My husband and I got to go on a “day date” last weekend. It was his idea, and a good one. We got a babysitter to come over from 10AM-2PM on Saturday and took off to the arts district.
We walked around downtown: visited an exhibit, ate lunch and bumped into these beautiful sculptures of sweeping monks by the Asian art collection. And along the way I felt my knots from the busy week begin to unravel.
One of the most wonderful parts of the day was the chance to have a real conversation. (Walking & talking at the same time, especially in nature, is one of my all time favorite things. When I think back over my best conversations in life, they often have happened in this context.)
And through our chat I was able to identify a shift which is happening in my life. When I was younger (especially teenage years) I used to look around our world and what jumped out at me was what was wrong with it. I had a bit of a righteous do-gooder attitude and a serious passion of social justice. And all of this energy was rooted in a lived experience of often feeling bowled over by the poignancy of life: by the pain on the face of a homeless man, by the stories I heard on the radio about suffering in other parts of the world, by the struggles of classmates or my own pains and frustrations.
My do-gooder attitude led me into some powerful communities: volunteering at the Aids Resource Center when I was in college, working with homeless mothers leaving abusive partners after I graduated, the Peace Corps.
In a way I think all of those experiences were really an effort on my part to make the world safe: safe for my heart and for everyone else’s.
Yet in my righteous mode I would feel like it was my responsibility to help others wake up to the work that we all needed to do to get things moving in the right direction. Recycle, already!
Now, and this is the shift, I am beginning to attune more to the good, rather than focusing on the pain. And life keeps reminding me that it is more magical than I give it credit for being. As evidenced by the monks we bumped into Saturday playing hacky sack in the park.
There are likely multiple gifts which have greased the wheels for this shift, but out of all of them it is meditation which I know helps me to feel like I have room to breathe. And space to respond rather than to react to life.
I still notice and feel my heart touched by the pain in our world (in addition to walking through my own share of hard feelings and challenges) but I no longer assume it is my job to feel everything so acutely (or more pressure still, to fix it!) Instead the pain invites me simply to slow down and to be present. This is a lot less exhausting.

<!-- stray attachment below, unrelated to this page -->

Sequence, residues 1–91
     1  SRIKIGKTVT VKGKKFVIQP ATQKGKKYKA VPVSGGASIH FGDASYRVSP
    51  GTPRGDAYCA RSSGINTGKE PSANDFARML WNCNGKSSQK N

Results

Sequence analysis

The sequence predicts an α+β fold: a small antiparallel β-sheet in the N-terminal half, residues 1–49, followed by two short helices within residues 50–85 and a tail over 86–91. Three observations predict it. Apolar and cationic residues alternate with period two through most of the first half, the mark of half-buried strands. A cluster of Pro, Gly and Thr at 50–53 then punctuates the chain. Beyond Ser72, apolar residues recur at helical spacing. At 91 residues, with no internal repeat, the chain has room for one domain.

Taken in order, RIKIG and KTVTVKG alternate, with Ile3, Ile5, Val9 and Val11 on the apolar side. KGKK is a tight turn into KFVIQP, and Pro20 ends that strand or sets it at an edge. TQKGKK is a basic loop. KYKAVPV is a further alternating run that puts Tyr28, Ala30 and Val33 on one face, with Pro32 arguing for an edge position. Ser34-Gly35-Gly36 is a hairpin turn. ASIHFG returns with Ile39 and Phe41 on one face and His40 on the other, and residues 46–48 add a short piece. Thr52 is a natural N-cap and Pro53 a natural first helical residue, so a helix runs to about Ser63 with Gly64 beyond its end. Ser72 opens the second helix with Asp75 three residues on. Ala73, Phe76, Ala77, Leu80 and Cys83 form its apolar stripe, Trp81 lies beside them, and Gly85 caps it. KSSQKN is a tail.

And when I am able to bear witness to both the beauty and the pain, but still have space to breathe, something interesting happens.
Compassion bubbles up in that gap.
Compassion for all of us, lost in our own ways, but found too. Wanting the same things: to be happy, healthy, peaceful and to live with ease. And held together in a tender connection, this hard to describe space of the loving-kindness force field.
I’ve started doing a loving-kindness practice most days (after learning more about it at recent meditation workshop) and am finding it very powerful.
Here is a gift for you, my Birder. A Loving_Kindness Meditation you can try today. Grab a quiet moment in your car, after the kids are asleep, tomorrow upon waking. And give it a try. It is my hope that it helps you have more space to hold the both/andedness of our world. And for compassion to bubble up all-around.
PS Did you hear about my Spring Coaching Special? I have two spots remaining. Ready to get clear, to orient more around the good, to find peace of mind in everyday life? Lets connect. Email firstname.lastname@example.org with questions or to set up a free conversation. xxo
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How to Be Your Child’s Soul Teacher Series. Thursdayevenings in April and May 1, 6:45-8pm. $35 drop-in per class at Oil & Cotton Creative Exchange. 837 W. 7th Street. Dallas, Texas 75208
Join Courtney and other conscious parents for this special series. Each week includes an experiential lesson, written guide with specific tips and practices for the home as well as a creative take-away.
Join me next week,Thursday May 1st for the final class in the series: Your Family Culture. Learn strategies for crafting life-giving birthday and holiday celebrations which together create a sacred calendar in which you and your child can live the whole year round. Create paper crowns and ankle bells for our May Pole Celebration (Which we are planning for Twelve Hills Nature Preserve!)